Book Review: No Job For A Woman ~ 26-09-12

I recently received an email from an author; a request to review her book. I was honoured to be asked – I’m still quite new to reviewing books so for someone to specifically ask me to do so felt great. I read the product description on Amazon and the book in question seemed to be something along the lines of what I normally read anyway, so I happily agreed to read the book and review it afterwards – the book was No Job For A Woman by Sherry Gloag.

Deborah Stavely has been widowed and is competently running her late husband’s lands, until she starts receiving threats from her neighbours, the Granger brothers. The eldest Granger demands that he marry her immediately or he will start hurting her tenants and destroying her land. Her brother, Lord Freddie Worth, discovers the threats when Deb’s butler informs him and writes to his friend Julian Fanshaw to come help. Julian is an old family friend and has just returned to England, both he and Freddie went to school with the Grangers and so hope that there past experiences will help them solve Deb’s current situation. However, the threats run deeper than they appear; at first Julian and Freddie think that the Grangers are seeking revenge on them through Deb for something that happened back in their school days. However, it turns out that there’s more to the story and Deb’s live is in serious danger.

Deborah was in interesting character, in that she was absolutely determined to do things by herself; she resented her brother for getting Julian involved in something she believed she could handle on her own and went out of her way to manage things before any one else had to get involved. Her determination and stubbornness made her a fairly strong female lead for the story.

Julian was the character I related to more of the two, I’m not entirely sure why. I liked that he seemed so willing to help however he could because of the history that he shared with the family. I feel that, as a reader, I was given more of an insight into Julian’s mind from earlier on in the novel so it was easier to see things from his point of view throughout.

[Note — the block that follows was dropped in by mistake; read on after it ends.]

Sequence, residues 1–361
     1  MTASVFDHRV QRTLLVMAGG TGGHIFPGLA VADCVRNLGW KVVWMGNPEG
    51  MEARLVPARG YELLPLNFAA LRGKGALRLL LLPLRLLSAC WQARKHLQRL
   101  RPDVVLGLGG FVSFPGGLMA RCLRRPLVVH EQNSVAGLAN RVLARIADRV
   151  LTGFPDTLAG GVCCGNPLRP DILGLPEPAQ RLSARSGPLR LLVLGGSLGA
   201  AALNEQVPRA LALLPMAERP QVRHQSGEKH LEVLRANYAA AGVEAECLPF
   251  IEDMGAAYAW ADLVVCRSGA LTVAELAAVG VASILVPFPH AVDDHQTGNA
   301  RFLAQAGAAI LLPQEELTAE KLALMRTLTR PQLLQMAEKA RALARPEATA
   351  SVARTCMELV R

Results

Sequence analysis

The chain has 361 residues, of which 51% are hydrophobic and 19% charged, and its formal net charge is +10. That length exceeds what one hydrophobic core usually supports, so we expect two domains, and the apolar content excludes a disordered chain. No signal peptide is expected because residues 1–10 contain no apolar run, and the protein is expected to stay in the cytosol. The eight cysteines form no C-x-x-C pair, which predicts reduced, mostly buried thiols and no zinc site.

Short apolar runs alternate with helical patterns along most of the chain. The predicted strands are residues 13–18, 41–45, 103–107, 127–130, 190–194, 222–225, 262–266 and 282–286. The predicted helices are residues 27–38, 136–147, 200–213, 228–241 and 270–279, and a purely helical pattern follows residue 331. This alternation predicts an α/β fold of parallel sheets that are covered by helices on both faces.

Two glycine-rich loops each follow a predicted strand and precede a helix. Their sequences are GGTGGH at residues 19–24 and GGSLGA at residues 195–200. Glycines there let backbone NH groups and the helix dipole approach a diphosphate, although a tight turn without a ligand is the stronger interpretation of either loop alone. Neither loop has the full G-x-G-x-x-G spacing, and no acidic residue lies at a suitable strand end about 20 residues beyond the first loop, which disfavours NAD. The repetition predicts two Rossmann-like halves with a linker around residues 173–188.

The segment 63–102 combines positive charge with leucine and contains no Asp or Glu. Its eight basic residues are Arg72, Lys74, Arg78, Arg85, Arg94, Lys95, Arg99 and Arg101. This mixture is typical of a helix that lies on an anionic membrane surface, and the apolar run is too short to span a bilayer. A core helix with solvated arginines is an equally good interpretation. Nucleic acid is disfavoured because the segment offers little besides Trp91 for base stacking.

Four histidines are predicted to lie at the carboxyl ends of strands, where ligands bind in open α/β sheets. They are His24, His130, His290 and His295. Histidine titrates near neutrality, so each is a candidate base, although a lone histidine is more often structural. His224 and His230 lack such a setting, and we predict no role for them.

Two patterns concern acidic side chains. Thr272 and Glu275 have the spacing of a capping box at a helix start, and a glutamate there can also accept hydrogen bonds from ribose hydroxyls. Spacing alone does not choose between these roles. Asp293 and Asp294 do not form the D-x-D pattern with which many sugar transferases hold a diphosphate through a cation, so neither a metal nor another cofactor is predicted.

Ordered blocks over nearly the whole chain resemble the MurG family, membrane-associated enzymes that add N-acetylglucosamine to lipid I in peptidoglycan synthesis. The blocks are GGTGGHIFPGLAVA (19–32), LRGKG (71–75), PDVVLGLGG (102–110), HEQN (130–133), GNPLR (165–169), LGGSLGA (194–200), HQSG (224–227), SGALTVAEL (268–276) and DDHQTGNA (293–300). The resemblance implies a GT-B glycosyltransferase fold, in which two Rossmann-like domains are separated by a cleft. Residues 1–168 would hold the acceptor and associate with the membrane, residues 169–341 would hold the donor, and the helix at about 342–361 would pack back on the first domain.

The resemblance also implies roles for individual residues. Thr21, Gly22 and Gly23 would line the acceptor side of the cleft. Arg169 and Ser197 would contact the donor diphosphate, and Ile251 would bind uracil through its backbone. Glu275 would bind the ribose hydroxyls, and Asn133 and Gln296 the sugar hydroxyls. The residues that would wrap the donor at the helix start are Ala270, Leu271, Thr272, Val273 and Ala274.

I enjoyed the relationship that built up between the two protagonists – both remembering how they had felt when they were younger and feeling confused by how that affected them now, and both as stubborn as the other in terms of seeing the other’s struggle with the feelings between them. Julian’s protectiveness of Deborah was endearing throughout, and Deb’s internal struggle between how she actually felt and how she thought she should feel was well played . The one thing that slightly disappointed me was how little interaction we got from them once their story had been resolved. The end felt a little rushed, I would have enjoyed seeing a little more of the conclusion before the story was cut short.

In terms of plot, I did find the start a little slow. This is because it took a while for the author to get to the point that there was something deeper and darker going on than anyone realised. However, once this point was reached, I found myself infinitely more interested in the outcome that the characters were going to reach. The suspense built up, as I grew more and more curious to learn what the awful secret that threatened the lives of the protagonists was. The second half of the story was more interesting, more eventful and all round more what I expected when I started the book. This is the first book of Sherry Gloag‘s that I have read, but even though it didn’t quite make it on to my favourites shelf on Goodreads, I’d happily read more of her work.

Reviewed by by  of http://www.celticbutterfly.co.uk/

 

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